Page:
Thursday, April 18, 2013

web designer

i'm not really sure where to start with web design. like a lot of people my age i feel like I grew up on the internet trawling through weird and then-mysterious websites: big (for the early 00's) weird-humor websites like ytmnd, mysterious or eerie artistic experiential websites with no understandable purpose, interactive puzzle sites that required my friends and i to delve into the HTML and look up code-deciphering tactics, and my personal favorite "" which used to just be the word "towel" on a black background, with a guestbook. now it's a place that actually sells towels, apparently, and whenever anything weird surfaces on the internet CNN runs a story on it. i miss the weird stuff, but it's still out there -- it's just harder to find under the layers of professional companies and businesses that have knitted together the web, making it more digestible and less joyfully cryptic.

anyway! since for this project i'm intent on making a portfolio website, which i've been hoping to do for a long time, i won't be able to focus on making weird experimental content. but i am interested in learning how a site can be both clean and simple as well as non-boxy, and molded to an artist's individual hand. designer marisa passos' website (here) is an example of a website that i like in some ways and dislike in a lot of other ways -- it's entrancing, with a beautiful auto-playing video of swirling ink, but it takes time to load and it completely distracts from the actual portfolio, which is boxy and way more boring than the ink in the background!

lucia soto's website (here) is closer to the kind of portfolio site i enjoy -- it's very fun and cute and even though it's interactive it loads very quickly. it shows off her personal artistic style in the design itself. that said, its navigation gets pretty annoying pretty quickly -- you'll see what i mean if you try to go back and forth between her bio work and contact. adorable and appealing, but time consuming, and her "work" section requires you to scroll through image by image, with  no indication of the number of items in her gallery. marc dahmen's site is even more frustrating, in my opinion -- if a website requires a keyboard tutorial to tell you how to navigate, it's gone too far, no matter how pretty or fast it is.

i really like the simplicity of (especially that animated elephant, i love non-distracting bits of animation) though it's not perfect! meg hunt's site is lovely -- simple and immediately appealing with big thumbnails.

so -- i'm inspired by a lot of these portfolio sites, especially the ones that are simple, weird, and colorful while not being overly-ambitious in design. right now the portfolio site i'm making is very subdued (and i want it that way), but i hope that in time i can try to create something this appealing.

Tuesday, April 2, 2013

Vito Acconci reading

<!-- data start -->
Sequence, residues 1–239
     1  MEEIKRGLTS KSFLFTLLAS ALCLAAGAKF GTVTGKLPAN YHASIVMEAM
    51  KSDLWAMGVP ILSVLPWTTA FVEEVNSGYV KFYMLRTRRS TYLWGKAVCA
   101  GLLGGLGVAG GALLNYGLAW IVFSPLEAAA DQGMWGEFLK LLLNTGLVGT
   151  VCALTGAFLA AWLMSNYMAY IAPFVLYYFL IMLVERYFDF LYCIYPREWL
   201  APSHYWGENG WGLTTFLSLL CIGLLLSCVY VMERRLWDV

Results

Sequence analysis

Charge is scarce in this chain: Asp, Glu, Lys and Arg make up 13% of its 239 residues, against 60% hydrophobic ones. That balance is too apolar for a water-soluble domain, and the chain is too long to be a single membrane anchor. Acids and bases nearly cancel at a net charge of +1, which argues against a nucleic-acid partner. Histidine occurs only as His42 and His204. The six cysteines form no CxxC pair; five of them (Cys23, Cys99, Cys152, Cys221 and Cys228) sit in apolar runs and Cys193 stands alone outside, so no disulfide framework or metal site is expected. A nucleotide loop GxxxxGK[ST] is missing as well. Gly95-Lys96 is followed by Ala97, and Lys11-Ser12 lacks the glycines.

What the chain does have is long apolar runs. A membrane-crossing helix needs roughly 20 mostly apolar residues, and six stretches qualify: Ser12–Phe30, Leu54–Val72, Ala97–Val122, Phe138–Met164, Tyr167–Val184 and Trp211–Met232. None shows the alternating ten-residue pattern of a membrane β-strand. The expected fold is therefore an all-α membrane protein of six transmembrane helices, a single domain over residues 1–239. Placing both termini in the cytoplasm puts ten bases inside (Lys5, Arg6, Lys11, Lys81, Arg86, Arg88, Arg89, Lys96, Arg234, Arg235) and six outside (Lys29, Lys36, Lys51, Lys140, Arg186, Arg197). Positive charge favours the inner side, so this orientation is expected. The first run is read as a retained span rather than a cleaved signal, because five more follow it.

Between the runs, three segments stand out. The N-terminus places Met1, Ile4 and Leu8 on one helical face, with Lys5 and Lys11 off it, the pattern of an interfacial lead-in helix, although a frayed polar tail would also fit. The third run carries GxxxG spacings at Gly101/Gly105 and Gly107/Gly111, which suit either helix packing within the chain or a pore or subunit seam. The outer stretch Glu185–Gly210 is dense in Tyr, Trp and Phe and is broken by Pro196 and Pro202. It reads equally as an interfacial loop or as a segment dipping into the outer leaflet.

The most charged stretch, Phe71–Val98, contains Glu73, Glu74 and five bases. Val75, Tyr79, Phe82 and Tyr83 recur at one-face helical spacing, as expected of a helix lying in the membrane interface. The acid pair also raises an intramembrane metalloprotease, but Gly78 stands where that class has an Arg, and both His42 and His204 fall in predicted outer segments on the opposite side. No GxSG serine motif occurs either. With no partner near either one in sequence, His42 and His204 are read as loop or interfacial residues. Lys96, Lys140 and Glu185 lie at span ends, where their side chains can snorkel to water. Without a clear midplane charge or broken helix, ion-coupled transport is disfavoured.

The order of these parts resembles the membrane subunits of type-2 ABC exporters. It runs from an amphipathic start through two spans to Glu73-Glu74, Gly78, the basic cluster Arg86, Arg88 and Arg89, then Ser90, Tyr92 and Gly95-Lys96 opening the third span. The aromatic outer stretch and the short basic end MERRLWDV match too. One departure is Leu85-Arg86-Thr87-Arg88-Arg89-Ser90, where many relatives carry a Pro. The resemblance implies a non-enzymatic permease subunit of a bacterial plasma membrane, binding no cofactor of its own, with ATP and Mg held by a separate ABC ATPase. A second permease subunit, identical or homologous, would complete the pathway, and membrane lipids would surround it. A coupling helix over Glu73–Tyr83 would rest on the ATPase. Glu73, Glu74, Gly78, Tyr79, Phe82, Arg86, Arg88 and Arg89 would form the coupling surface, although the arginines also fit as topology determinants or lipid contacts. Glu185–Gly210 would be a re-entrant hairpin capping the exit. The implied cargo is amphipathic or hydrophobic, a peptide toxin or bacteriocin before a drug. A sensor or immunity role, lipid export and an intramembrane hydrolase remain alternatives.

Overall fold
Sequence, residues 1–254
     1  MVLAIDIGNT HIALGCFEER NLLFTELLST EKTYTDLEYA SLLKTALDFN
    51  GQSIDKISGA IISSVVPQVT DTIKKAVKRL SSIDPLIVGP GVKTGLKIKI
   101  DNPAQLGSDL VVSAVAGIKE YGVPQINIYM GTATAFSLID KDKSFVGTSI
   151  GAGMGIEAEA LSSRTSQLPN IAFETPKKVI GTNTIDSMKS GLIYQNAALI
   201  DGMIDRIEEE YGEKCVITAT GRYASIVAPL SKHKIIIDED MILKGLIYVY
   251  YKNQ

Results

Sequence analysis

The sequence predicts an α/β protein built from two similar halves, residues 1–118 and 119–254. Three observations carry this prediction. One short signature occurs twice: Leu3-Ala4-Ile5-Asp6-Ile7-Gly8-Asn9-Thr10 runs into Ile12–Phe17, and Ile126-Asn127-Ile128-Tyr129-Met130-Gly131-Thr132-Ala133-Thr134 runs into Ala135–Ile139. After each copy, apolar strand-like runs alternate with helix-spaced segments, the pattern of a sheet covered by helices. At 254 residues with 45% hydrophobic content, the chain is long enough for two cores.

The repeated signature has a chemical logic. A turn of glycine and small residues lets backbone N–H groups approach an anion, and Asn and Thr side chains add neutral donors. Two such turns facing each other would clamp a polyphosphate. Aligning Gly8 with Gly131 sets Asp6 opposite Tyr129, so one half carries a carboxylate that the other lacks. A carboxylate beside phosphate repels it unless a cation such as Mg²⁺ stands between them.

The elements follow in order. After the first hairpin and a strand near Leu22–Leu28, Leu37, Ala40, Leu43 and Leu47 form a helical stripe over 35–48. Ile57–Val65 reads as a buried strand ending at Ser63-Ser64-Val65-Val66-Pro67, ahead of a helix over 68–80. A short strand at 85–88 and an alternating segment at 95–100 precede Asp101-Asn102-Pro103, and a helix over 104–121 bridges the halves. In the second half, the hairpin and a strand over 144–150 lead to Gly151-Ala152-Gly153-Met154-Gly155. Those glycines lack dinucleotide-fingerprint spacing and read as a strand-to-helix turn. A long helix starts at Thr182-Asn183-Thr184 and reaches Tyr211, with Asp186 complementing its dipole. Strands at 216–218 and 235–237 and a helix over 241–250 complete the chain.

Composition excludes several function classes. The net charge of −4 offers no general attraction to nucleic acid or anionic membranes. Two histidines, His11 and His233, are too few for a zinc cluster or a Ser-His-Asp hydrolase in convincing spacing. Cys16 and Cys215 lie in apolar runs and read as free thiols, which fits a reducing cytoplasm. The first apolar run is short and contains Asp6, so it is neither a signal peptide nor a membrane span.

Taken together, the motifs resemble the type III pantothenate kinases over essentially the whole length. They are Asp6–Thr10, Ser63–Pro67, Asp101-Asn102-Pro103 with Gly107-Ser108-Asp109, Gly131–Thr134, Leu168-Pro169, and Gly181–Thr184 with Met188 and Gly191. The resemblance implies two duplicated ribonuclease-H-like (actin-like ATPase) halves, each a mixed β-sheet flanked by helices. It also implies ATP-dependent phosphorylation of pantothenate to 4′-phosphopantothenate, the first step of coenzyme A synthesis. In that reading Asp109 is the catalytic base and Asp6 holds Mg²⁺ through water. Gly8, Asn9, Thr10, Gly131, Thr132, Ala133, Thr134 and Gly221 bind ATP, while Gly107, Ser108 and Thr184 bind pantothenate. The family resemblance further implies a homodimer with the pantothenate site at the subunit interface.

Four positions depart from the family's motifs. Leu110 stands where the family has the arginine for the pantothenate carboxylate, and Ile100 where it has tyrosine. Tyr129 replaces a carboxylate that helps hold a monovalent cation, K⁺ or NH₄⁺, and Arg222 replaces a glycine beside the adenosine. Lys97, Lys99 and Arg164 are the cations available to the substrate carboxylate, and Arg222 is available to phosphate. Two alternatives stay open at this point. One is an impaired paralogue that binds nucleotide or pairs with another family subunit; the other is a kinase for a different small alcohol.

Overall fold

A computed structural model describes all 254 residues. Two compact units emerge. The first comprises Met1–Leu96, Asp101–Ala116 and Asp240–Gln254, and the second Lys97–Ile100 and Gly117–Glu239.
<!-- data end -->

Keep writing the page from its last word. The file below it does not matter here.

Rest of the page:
paragraph 13

"the electronic age obliterates space and overlaps places"
this paragraph stood out to me as being especially pertinent to modern digital media and online interactions. "the electronic age establishes the primacy of time," says acconci, and the truth of this statement has grown exaggeratedly: now we demand immediacy in every part of our lives, in finding out information and answering questions we don't know, in talking to people, in seeing images. time has gone from a concept to a physical object (clock) to a number, and similarly everything in our lives is codified, packaged and sold and readily available. people are numbers -- the number of pageviews on a site, the number of friends you have on facebook, the number of comments you get on a blog post or piece of art, the number of upvotes or likes your written opinions earn. the physical world is indeed "a slowing-down process", one which can serve as a welcome change of pace, although even public spaces are now infiltrated by the technology on our smartphones and laptops. despite his eccentricity i like this reading.

Wednesday, March 6, 2013

vector artist: rafael aquilar

rafael aquilar is a vector artist based in mexico city, who has an incredibly detailed and rich artistic style. i love his nuanced use of colors -- teals, yellows, and reds especially, and the organic, human touch to all of his lines, which gets lost in many vector illustrations.

he cites influence by gustave dore, a 19th century wood/steel engraver, in realizing the potential of adobe illustrator for his drawings.

he goes over some of his techniques in this interview.

also here's a process gif from his personal blog:

logo remix

i chose the quaker logo and the kfc logo, which both feature old white hair dudes, and switched up the style.  

Thursday, February 21, 2013

music interpretation -- illustrator

i went with a pretty simple drawing ... the song made me think of water and sloppy puddles but also silliness, which made me think of a pink/yellow color scheme.